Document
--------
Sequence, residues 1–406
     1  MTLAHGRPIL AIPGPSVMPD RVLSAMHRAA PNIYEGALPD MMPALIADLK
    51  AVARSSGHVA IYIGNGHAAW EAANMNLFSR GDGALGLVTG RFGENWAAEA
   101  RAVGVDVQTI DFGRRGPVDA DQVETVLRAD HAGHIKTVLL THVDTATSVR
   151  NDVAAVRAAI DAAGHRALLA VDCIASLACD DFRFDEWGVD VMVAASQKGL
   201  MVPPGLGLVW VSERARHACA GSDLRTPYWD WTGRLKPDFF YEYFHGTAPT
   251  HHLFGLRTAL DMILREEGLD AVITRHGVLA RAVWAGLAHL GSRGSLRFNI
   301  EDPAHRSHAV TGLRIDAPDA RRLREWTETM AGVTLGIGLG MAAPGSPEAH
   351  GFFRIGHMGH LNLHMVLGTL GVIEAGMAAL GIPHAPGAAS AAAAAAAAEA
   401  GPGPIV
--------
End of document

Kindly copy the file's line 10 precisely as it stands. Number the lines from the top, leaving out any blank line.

   401  GPGPIV